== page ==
Of Motorbikes and Cheap Thrills

12:52:00 AM

During the Baler leg of my short Philippine break, I did something I always imagined myself doing when traveling--I rented a motorbike and drove myself around for almost two hours.


I thought it was gonna be a walk in the park. They say, after all, that an old skill will never be lost on you. Well, apparently it was. I didn't take into account that there will be other vehicles in play, people crossing the road, animals resting ON the road, sharp road curves, broken bridges that made you detour to a steep rough road path. To stop burying the lead, I lightly crashed into a mountain of gravel three minutes into driving, and had two VERY scary near-misses on sharp curves on the way back to The Circle Hostel.

To be honest, I was scared for my life and I kept swearing and shouting "Tangina! What did you get yourself into, Jen?!" However, to me that was still an achievement unlocked, considering I haven't driven a motorbike for the past 12 years. And because, you know, it was exactly as I envisioned myself doing before doing this side trip--driving by the sea, getting mesmerized by the view. I am very cheesy, #sorrynotsorry!

Realizations brought by this experience:

1. There is a line between confidence and reason that I should not cross. But in the event that I'm too stubborn to make something happen, I have to commit to it. No second guessing because that's what will get me into trouble AKA crashing and then landing on the gravel with my knee breaking the motorbike's fall. Ouch!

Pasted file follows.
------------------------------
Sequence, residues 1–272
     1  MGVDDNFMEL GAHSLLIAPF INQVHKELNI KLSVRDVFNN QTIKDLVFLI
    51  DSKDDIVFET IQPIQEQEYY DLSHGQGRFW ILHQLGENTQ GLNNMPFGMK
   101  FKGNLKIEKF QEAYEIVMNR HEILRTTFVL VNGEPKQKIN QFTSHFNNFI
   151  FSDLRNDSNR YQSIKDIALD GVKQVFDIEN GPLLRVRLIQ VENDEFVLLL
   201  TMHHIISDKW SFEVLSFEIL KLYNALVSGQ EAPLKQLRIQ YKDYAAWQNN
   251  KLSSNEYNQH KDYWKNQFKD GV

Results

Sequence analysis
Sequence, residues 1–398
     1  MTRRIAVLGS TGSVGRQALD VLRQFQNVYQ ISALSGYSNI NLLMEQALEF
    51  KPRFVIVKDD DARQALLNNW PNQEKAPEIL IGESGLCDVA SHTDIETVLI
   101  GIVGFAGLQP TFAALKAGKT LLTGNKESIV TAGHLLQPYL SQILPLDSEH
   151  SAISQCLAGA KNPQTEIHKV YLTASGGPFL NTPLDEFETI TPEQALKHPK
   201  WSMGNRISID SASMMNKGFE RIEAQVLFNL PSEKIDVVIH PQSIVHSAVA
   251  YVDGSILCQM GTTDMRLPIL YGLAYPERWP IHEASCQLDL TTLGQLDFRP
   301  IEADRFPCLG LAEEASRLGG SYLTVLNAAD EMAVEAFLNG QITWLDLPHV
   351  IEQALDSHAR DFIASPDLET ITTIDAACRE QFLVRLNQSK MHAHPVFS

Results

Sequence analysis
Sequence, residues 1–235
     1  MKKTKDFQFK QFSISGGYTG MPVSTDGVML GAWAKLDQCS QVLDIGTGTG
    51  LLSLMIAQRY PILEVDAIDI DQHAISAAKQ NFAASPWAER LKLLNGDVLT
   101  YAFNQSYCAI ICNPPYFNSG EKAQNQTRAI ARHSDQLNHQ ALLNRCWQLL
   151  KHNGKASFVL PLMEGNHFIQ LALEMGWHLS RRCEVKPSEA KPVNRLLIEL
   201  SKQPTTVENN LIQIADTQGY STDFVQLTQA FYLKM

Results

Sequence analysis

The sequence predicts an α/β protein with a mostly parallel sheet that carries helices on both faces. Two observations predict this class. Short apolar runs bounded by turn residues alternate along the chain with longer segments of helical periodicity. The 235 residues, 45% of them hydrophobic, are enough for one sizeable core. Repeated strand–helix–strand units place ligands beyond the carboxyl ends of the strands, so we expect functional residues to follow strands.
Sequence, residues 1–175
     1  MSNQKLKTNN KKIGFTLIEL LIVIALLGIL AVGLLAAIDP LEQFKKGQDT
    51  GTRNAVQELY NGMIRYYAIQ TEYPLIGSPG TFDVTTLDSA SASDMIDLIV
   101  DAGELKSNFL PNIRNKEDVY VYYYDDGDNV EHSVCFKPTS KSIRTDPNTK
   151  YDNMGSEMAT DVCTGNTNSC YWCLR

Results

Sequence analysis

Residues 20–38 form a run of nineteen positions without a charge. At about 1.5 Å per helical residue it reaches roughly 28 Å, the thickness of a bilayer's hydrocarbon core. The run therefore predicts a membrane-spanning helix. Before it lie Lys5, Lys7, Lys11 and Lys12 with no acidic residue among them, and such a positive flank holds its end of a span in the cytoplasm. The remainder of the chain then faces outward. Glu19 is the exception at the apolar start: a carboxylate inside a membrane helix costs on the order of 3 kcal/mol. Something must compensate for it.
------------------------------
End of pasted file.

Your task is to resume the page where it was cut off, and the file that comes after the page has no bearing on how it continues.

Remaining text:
2. The first fall shouldn't be a sign to give up. It's a sign to do better. Several people came over to help me prop the motorbike up and as if I had no choice, I started the engine again. This time, my grip was lighter and my focus on the road was stronger.

3. Vanity will be the death of me. I swerved too many times while trying to fix my hair. (Read: I was responsible at it, okay. Only did it when there were no other vehicles and people on the road.)

4. Never forget to slow down, whether in life and in driving, ESPECIALLY during sharp curves. This can get as deep as it can get so let's be literal about it. "Wag kalimutan mag-menor kapag liliko", as what the tricycle driver driving behind me kept telling me.

5. Know when to stop. I still had three more hours left with the motorbike but I decided to take a nap, instead of maximizing the time. It was enough adrenaline rush for the day for me.

There's currently only one motorbike rental provider in Baler. If you wanna try this too, contact Aliyah Surf Camp at 09195299751 or go directly to their front desk. Rental fee for 6 hours costs PHP 400 per motorbike.

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